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Posted June 26, 2003
I will admit before I read this book I wasn't all that much of a christian. I mean I belived in God (or said I did) but never accepted him and prayed. But after I finished this the words 'god','church',and 'prayer' tasted soo good when I spoke of them. Now I'm starting to go to church more! I pray. And even quit my habbit of complaining and being rude and now am just a happier person! I recomend this to anyone who is looking for a BETTER LIFE or is wanting to ALLOW GOD TO GUIDE YOU but don't know how to do that? Read this book. It's a quick, life changing, and great book.Was this review helpful? Yes NoThank you for your feedback. Report this reviewThank you, this review has been flagged.
Posted May 27, 2002
This book is so great! I loved it! It really opened my eyes up, because I needed some spiritual cleansing! It is great that they have one for teens, so anyone can read the one according to there age and understand what those few bible verses mean.Was this review helpful? Yes NoThank you for your feedback. Report this reviewThank you, this review has been flagged.
Posted January 21, 2002
Posted May 5, 2002
The Prayer of Jabez for Teens, opened my eyes to a totally differant way of seeing the relationship with God. I picked it up in the morning and was SOOO hooked I couldn't put it down until I finished it. I had to grab a pen and take notes. And, for those with finals and many exams, it isn't terribly long. But it is crammed full of experienced insight on what to pray to change your life. And what God needs your life to be to use you. It is very simple and the book explains every detail. For those who are feeling lost or keep falling (and by the grace of God are caught each time) here is a book that may help you get back on track and stay on track. It seemed to put my thoughts and sub-conscious thoughts on God into words so that I could understand things better. I highly recommend this book for struggling teens and those who feel they want to get to know God fully. Here is a great first step.Was this review helpful? Yes NoThank you for your feedback. Report this reviewThank you, this review has been flagged.
Posted December 26, 2001
Woah- i just finished it last night and it is an amazing book with so much insite into God that i really am filled with a renewed sense of love for God and an understanding i have never seen. Wow. It was just SO powerful!Was this review helpful? Yes NoThank you for your feedback. Report this reviewThank you, this review has been flagged.
Posted August 28, 2001
This book is exactly like the bestseller, The Prayer of Jabez. I noticed that a lot of my coworkers were reading The Prayer of Jabez. I also noticed they were much older. So I went searching for the book. Since I'm only 19 a lot of the things didn't really apply to me. However, when I read the teen version, it made perfect sense. It was if the author had said, 'In other words, for you teens, The Prayer of Jabez is so on and so forth'. It was really enjoyable. I encourage any teen who is having spiritual conflicts and problems to read this book. It is really helpful in so many ways.Was this review helpful? Yes NoThank you for your feedback. Report this reviewThank you, this review has been flagged.
Posted July 18, 2001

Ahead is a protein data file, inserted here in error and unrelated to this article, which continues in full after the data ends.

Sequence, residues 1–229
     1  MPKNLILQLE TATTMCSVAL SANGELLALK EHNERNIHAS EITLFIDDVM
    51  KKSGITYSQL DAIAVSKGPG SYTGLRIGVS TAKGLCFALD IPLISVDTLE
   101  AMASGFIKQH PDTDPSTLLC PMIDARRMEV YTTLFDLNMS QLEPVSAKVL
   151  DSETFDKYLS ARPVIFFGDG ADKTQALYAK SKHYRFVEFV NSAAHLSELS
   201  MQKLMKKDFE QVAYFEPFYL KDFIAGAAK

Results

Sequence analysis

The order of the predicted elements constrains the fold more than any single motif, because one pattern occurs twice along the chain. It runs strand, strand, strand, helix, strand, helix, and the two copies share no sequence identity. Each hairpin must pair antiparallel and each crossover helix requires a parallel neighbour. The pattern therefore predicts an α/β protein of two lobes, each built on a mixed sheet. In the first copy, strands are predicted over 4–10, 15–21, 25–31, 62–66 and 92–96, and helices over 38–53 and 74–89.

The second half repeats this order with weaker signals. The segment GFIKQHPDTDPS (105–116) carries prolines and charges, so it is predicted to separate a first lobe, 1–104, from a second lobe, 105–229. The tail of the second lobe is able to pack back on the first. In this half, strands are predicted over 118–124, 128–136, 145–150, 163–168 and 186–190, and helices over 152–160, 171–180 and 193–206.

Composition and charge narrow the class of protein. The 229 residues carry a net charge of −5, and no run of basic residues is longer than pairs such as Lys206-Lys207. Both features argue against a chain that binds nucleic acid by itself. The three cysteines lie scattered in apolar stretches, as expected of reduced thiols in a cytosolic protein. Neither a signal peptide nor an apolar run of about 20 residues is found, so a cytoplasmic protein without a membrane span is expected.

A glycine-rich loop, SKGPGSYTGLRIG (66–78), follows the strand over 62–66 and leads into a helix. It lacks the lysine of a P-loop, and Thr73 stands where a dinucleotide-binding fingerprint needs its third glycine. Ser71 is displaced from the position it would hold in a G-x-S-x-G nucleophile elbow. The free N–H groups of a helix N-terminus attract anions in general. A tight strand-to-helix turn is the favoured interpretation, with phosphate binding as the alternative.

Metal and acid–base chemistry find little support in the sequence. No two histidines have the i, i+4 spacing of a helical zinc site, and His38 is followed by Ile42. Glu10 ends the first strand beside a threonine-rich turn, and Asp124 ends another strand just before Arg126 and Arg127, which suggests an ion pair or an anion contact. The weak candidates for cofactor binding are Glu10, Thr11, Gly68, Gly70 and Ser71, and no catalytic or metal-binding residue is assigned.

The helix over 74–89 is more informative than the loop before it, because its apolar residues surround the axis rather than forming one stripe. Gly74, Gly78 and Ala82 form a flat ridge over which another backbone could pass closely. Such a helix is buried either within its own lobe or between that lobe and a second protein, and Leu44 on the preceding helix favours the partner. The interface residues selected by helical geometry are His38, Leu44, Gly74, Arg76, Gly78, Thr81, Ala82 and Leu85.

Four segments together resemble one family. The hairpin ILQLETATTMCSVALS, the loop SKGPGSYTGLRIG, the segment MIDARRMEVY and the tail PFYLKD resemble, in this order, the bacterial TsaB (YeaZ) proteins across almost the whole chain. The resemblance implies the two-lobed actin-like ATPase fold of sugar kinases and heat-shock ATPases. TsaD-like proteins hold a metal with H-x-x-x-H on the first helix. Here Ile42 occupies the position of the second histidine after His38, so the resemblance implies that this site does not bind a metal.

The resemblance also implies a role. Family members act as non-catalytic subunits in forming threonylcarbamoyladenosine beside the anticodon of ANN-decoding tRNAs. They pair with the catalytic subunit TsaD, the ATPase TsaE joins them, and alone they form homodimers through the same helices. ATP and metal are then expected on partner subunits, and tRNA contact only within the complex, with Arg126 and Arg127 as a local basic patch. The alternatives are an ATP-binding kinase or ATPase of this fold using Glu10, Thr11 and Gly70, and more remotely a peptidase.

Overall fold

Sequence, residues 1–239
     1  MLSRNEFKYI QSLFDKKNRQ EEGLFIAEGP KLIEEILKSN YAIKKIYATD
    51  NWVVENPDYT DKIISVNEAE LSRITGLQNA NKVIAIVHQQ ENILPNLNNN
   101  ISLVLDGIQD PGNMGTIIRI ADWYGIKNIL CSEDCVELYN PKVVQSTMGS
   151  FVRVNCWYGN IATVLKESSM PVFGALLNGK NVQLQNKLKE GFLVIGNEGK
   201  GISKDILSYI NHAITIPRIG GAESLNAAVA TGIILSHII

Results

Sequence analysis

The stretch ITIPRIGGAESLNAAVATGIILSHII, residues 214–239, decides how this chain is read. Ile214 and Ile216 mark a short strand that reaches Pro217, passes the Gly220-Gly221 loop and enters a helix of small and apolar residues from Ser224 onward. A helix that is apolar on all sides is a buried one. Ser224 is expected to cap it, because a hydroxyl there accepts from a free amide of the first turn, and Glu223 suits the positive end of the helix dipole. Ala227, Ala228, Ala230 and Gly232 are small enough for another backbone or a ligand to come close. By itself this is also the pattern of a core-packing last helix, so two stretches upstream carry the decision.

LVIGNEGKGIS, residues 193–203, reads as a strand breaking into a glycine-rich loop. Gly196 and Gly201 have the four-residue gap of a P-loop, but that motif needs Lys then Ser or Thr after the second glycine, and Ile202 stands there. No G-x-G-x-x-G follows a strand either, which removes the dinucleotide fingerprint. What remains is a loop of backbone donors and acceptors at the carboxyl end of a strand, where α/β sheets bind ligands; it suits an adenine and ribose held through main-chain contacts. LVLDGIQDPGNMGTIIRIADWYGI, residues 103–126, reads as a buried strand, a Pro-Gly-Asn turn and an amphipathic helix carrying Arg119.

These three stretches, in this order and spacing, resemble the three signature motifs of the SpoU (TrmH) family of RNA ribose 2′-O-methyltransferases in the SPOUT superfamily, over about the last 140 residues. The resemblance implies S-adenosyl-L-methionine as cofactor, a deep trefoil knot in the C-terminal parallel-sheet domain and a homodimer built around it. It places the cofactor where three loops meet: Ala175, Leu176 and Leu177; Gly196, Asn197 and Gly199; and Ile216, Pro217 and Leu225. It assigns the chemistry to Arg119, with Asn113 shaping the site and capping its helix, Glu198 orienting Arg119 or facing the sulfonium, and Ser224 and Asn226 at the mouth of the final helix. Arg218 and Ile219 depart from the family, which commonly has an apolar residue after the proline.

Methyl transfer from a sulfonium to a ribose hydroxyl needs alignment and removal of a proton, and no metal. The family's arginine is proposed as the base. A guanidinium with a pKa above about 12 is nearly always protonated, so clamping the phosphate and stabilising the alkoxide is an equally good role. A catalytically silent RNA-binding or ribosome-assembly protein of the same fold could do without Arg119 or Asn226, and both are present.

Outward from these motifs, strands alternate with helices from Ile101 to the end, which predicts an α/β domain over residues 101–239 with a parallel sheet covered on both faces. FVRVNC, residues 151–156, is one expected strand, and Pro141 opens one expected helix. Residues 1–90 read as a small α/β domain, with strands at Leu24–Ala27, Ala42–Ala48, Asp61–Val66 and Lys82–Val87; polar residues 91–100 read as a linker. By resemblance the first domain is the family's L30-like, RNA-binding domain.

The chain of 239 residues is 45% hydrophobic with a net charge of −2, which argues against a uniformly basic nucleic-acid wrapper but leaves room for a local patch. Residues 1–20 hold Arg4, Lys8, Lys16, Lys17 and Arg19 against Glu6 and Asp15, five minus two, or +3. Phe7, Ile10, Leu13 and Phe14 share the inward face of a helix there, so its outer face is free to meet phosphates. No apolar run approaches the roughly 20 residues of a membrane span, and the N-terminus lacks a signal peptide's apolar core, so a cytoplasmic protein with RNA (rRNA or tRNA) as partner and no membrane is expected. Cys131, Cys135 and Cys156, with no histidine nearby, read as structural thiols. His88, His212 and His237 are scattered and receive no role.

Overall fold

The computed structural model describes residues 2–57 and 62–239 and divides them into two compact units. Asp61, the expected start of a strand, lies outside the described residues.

Teenagers often feel left out, like a nobody with no future. For that reason, the story of Jabez (whose mother named him 'pain') should be relevant and appealing. From this unpleasant beginning, Jabez came to receive many blessings from God. In this book, Dr. Wilkinson makes the case that if God is there for unpopular nobodies like Jabez, He must be there for all of us! Dr. Wilkinson has a nice manner for speaking to teenagers. He recalls his own thoughts and hopes during the teenage years. He also relates stories of how teenagers have made an enormous difference for God in assisting adults and other teens. Suddenly, you will feel like someone is talking to you who cares about you, as God does. 'This little book starts with everything we put in the original, bestselling The Prayer of Jabez . . . .' ' . . . [T]hen we ask the question: If God wanted to change the world with a teenager like you, how would He want you to pray?' The challenge also goes out in this form: 'Are you ready to do one thing that could change the rest of your life?' As much as the Bible teaches me, I find that I learn even more by hearing about the interpretations that others make of the Bible. Those interpretations are most beneficial when they include witnessing one's own experiences. Dr. Wilkinson has provided us with many soulful insights from 30 years of reciting a little-noticed Old Testament prayer in this inspiring book. One reason that it is nice to hear what others say about the Bible is that some of them read Hebrew, which I do not. Knowing what the original text said should provide more clues to its precise meaning. Dr. Wilkinson has provided insights from the Hebrew texts to help us understand what the translations mean. The Prayer of Jabez is found in 1 Chronicles 4:10 following a brief introduction of Jabez in 1 Chronicles 4:9. This text is in the middle of a long list of about 500 Hebrew names beginning with Adam in providing a geneology. The casual Bible reader might never notice this material. Since there is so little text, the plain meaning of what is found here can certainly be confusing. 'Jabez' means 'pain' in Hebrew. Jabez was named this by his mother 'Because I bore him in pain.' Since almost all babies bring pain to their mothers, it is hard to know exactly what was different about Jabez, if anything. In this book, there is a nice emphasis on the special problems a teenager would have if his name was Pain. Jabez is remembered for having his prayer answered. The prayer was: 'Oh, that You would bless me indeed, and enlarge my territory, that Your hand would be with me, and that You would keep me from evil, that I may not cause pain!' Dr. Wilkinson provides several perspectives on this prayer that added much to my understanding of the Scripture. First, Mr. Wilkinson interprets this as meaning that the person praying is asking to play a bigger role in achieving God's purposes. That was a new thought for me. I tend to feel that each of us is kept pretty busy trying to do God's will in whatever roles we already have. How can we do more? Obviously, only with God's help. By taking on even larger roles, we probably move closer to a state of humility by knowing that we cannot possibly succeed without Divine guidance and assistance. So what seems like a prideful thing actually turns out to be the opposite. What is your reaction to that? Second, I was startled a few years ago to hear a group of rabbis and ministers talk about how the traditional concept of the moral life was to never be tempted. I feel tempted all of the time, and overcome temptations only after sincere struggles. Dr. Wilkinson points out that the best way to avoid evil is not to be tempted in the first place. 'Without temptation, we will not sin.' So this text encouraged me to ask even more for being kept away from evil. Naturally, the Lord's Prayer does that, but this important point had been partially lost on me until I read this bWas this review helpful? Yes NoThank you for your feedback. Report this reviewThank you, this review has been flagged.